Ted Cruz, Paul Ryan, Marco Rubio rally conservatives at CPAC

National Harbor, Md. The Republican Party is ready to win the midterm elections this November -- but more importantly, ready to lead, a number of congressional Republicans said Thursday at a conservative gathering just outside of Washington.

"I think there are a lot of reasons to be optimistic," Rep. Paul Ryan, R-Wis., said at the Conservative Political Action Conference, acknowledging that his 2012 campaign as Mitt Romney's running mate didn't go quite as planned. "I think the left is exhausted, our side is energized. On Election Day, we're going to win."


Republicans in Congress managed to drain a large amount of their political capital late last year as they split
over whether it was worth shutting the government down over the federal budget. Meanwhile, some high-profile Republicans -- including Senate Minority Leader Mitch McConnell, R-Ky., -- are facing energetic opposition from tea party conservatives.

Ryan, however, said the intra-party tussling amounts to a "vibrant debate."

"Sure we have our disagreements, and yes they can get a little passionate," Ryan told an audience at the Conservative Political Action Conference. "I like to think of it as creative tension."

Ryan said Republicans would prevail in November because Democrats are "out of ideas," proven by the fact that after five years in power "all they have to show for it is this lousy website," alluding to HealthCare.gov.

"For the president and his allies, this campaign will not be a sprint or marathon, it's going to be a 50 yard dash," Ryan said.

Given the struggles with the Obamacare rollout and polls showing the public has lost confidence in President Obama, conventional wisdom suggests Republicans should "sit on our hands, keep our heads down," noted Sen. Mike Lee, R-Utah, a tea party favorite. "Let President Obama's failures preserve a Republican majority in the House and win one in the Senate."

That sentiment, Lee said, is "dead wrong."

"We've not yet won back the trust of the American people or explained exactly why they should give it to us," he said. "2014 must be the year we change that."

Gov. Chris Christie, R-N.J., similarly said, "Our ideas are better than [Democrats'] ideas, and that's what we have to stand up for."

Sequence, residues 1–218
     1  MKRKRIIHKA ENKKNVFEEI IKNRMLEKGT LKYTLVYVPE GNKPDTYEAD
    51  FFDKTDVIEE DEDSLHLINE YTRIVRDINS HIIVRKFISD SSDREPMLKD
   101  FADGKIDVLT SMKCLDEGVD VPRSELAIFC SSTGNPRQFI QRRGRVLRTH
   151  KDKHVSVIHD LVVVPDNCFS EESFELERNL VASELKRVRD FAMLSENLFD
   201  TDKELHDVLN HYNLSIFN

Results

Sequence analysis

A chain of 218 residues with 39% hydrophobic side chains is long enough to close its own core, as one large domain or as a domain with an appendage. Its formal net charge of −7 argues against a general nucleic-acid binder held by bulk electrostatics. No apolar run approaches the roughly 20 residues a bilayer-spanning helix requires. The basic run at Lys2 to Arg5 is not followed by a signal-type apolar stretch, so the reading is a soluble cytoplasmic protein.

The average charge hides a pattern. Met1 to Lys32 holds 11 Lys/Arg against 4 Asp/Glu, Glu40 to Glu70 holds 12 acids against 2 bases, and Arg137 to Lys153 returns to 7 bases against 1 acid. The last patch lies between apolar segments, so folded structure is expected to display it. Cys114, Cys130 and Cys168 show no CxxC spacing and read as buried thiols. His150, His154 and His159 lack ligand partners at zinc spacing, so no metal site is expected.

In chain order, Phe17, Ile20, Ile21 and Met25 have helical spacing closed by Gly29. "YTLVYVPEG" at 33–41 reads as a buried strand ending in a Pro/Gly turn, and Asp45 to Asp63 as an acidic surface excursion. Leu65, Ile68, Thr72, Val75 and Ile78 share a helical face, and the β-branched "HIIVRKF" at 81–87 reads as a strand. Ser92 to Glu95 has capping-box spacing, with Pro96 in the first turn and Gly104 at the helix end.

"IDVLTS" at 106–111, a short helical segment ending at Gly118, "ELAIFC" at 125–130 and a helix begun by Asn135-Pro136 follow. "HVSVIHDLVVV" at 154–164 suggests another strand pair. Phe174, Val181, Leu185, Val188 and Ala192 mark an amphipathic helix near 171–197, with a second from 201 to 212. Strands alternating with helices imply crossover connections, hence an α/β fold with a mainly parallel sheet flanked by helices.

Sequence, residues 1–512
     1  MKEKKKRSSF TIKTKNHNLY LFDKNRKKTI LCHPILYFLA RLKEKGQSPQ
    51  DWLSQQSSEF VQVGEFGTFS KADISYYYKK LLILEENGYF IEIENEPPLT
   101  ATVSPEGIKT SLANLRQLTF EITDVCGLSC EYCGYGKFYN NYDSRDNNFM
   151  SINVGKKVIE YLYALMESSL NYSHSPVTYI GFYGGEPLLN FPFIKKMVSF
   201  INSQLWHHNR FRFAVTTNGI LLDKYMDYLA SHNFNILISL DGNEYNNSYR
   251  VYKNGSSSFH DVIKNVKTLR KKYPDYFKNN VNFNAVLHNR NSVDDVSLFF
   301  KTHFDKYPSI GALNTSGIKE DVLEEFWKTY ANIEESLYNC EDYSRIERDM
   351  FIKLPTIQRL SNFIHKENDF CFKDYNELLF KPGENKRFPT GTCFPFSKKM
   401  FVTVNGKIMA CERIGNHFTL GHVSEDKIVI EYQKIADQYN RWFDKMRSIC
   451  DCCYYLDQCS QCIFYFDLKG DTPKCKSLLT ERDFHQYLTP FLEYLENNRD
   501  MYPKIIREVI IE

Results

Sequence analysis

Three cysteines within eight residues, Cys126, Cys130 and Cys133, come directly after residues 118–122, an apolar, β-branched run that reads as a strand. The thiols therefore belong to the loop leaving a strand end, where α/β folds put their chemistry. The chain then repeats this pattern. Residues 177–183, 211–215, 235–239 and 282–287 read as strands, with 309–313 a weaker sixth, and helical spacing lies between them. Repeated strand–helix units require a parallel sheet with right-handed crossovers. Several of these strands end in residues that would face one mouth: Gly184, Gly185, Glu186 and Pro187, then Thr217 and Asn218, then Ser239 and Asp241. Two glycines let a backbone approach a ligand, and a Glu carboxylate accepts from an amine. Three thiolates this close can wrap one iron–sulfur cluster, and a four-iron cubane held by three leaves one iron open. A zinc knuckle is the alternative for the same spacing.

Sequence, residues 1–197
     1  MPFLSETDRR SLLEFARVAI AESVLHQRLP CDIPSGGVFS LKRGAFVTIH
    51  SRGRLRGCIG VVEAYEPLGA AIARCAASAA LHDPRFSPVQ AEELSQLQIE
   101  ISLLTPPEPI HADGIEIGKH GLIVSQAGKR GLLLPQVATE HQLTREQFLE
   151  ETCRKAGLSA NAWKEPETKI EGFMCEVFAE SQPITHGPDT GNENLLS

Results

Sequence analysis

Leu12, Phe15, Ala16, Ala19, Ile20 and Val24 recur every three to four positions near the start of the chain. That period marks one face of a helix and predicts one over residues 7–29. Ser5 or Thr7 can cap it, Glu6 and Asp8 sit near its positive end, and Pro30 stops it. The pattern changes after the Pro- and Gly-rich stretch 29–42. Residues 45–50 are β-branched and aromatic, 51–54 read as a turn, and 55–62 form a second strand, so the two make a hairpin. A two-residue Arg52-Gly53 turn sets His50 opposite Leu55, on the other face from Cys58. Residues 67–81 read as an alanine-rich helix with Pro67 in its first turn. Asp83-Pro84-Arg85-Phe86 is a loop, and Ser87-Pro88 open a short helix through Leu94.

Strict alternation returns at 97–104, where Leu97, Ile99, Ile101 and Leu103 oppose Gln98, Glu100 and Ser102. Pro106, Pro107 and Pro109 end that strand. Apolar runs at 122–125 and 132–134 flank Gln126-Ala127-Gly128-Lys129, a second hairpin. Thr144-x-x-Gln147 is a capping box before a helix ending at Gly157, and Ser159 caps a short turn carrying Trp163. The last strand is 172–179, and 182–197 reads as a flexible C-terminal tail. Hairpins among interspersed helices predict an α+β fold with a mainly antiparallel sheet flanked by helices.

Sen. Ted Cruz, R-Texas, who like Lee was one of the tea partiers elected in the 2010 midterms, listed a series of ideas Republicans should get behind.

We need to abolish the IRS, we need to adopt a simple flat tax, where every American can fill out his taxes on a postcard," he said. He also called for the repeal of the Dodd-Frank Act, a balanced budget amendment, and a law to audit the Federal Reserve.

Cruz also stressed the need to reduce alleged government corruption -- suggesting, for instance, there should be a lifetime lobbying ban for former members of Congress. "We need to tell the truth, the truth is that Washington is corrupt," he said. "More and more people are making great wealth in Washington, Wall Street prospers and Main Street suffers."

Sen. Marco Rubio, R-Fla, meanwhile, stressed the importance of keeping America dominant on the world stage.

"There is only one nation on Earth capable of rallying and bringing together the fee people on this planet to stand up to the spread of totalitarians. The United Nation cannot do this -- in fact, they cannot do anything," Rubio said to applause.

Rubio described the possible world that could emerge, should the United States fail to lead -- one "where North Korea can blow up California or the west coast of the United States with a nuclear weapon" or China controls the South China Sea.

"Without American engagement," he said, that world is "not just a possibility, it is a real probability."

The senator added, "That doesn't mean we're going to be in 15 wars... It also doesn't mean we can solve every conflict." However, he said, "We cannot ignore the reality of who we are."

Business magnate Donald Trump also spoke about foreign policy at CPAC, charging that other countries have no respect for the United States' "weak" and "pathetic" leadership.

However, he suggested the U.S. should intervene less abroad "because we don't have any money, because we're spending it in other places where, frankly, they don't want us and I don't want them."

Trump also slammed Mr. Obama's economic record and ratings in public opinion polls, claiming the president was "getting into Jimmy Carter territory."

"Maybe by next month we will have surpassed the late, great Jimmy Carter," he said of the still-living former president.

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